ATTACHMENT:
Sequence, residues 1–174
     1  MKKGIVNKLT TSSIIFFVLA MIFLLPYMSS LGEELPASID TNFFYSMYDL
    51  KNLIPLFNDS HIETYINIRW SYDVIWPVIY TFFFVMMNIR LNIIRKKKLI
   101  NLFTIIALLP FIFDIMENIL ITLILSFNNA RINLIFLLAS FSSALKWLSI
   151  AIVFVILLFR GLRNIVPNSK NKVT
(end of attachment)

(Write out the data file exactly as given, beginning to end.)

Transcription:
Sequence, residues 1–174
     1  MKKGIVNKLT TSSIIFFVLA MIFLLPYMSS LGEELPASID TNFFYSMYDL
    51  KNLIPLFNDS HIETYINIRW SYDVIWPVIY TFFFVMMNIR LNIIRKKKLI
   101  NLFTIIALLP FIFDIMENIL ITLILSFNNA RINLIFLLAS FSSALKWLSI
   151  AIVFVILLFR GLRNIVPNSK NKVT